The Electronic Telegraph (UK)
January 10, 2003
Russia becomes the biggest oil producer Output beats Saudi Arabia's with 7.97m barrels a day
By Malcolm Moore
Russia overtook Saudi Arabia as the world's largest oil producer in the last three months, as the country beat all expectations for its output growth.
In the last quarter, Russia pumped an average of 7.97m barrels of oil a day, against 7.86m barrels from Saudi Arabia. It is a telling statistic as the Organisation of Petroleum Exporting Countries, the oil cartel, meets on Sunday to discuss how much more oil to release on to the market to combat the high prices caused by the five-week strike in Venezuela. Analysts now believe that Russia could increase its production by two or three million more barrels a day before the state forecast date of 2010.
Russia has been helped this year by Opec cutting back its output, leaving more room on the global market for Russian oil. In addition, as the US tries to become less dependent on oil from the Middle East, Russian companies, such as TNK and Yukos, have begun shipments to American refiners.
All of Russia's major oil companies have pledged to boost production further this year, and German Khan, executive director of TNK, Russia's fourth-largest player, recently said that the country would shortly produce 9m barrels a day. He added that unless there was major foreign investment, the country would then remain at that level, or even stagnate.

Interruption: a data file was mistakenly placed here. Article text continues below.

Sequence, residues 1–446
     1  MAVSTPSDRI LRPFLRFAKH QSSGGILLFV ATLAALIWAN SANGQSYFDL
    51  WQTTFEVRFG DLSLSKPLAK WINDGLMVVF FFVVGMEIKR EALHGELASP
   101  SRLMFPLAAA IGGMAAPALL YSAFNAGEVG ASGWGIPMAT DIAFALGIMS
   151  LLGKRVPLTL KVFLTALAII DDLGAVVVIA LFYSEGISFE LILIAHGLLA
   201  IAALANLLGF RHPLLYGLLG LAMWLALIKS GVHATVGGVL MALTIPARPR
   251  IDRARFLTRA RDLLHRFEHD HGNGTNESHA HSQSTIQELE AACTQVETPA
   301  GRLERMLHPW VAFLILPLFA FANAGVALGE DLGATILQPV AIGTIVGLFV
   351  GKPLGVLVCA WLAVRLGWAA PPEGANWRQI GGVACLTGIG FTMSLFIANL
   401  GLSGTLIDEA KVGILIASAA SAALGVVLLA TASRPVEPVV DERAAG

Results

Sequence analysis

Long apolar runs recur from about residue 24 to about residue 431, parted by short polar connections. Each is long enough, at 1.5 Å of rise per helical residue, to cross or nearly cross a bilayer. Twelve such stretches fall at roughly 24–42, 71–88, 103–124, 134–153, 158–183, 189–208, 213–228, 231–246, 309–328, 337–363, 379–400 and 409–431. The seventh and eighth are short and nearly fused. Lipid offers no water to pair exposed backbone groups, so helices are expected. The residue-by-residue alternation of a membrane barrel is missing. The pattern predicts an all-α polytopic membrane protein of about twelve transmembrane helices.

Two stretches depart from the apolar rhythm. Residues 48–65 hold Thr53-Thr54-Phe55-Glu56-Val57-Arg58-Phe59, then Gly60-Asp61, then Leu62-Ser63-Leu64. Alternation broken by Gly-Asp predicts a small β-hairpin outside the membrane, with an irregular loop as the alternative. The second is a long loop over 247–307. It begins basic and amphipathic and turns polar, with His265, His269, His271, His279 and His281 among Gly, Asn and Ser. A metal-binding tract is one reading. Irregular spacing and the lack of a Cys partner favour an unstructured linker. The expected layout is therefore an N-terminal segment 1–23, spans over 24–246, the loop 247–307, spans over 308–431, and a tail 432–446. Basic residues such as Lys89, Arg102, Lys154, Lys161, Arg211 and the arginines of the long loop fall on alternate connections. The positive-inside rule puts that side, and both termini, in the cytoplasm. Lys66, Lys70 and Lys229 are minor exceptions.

Western oil companies have been reluctant to invest in Russia because of delays in introducing product-sharing legislation. The benefits of such legislation are that tax levels remain the same as when the deal is struck, so companies do not have to worry about the vagaries of the Russian government.
Nelli Sharushkina, an analyst at the Energy Intelligence Group in Moscow, said: "One problem is it costs more to produce oil in Russia than in Saudi Arabia. Saudi oil costs between 75c and $2 a barrel, but in Russia, it is expensive to get to and expensive to transport, with costs up to an additional $6 a barrel."
The need for Russia to begin exporting more oil than its current 50pc level is underlined by the co-operation between four of the country's oil companies to build a one million-barrel-a-day oil terminal at the former naval base in Murmansk, with the intention of raising exports to the US dramatically.
Russian oil companies can only achieve around $4 a barrel for crude on the domestic market, compared with the $30 prices being paid abroad. Japan has also made overtures to the Kremlin, saying that its economy will be able to absorb a million barrels of Russian oil a day, and asking for a 2,400-mile trans-Siberian pipeline to be built.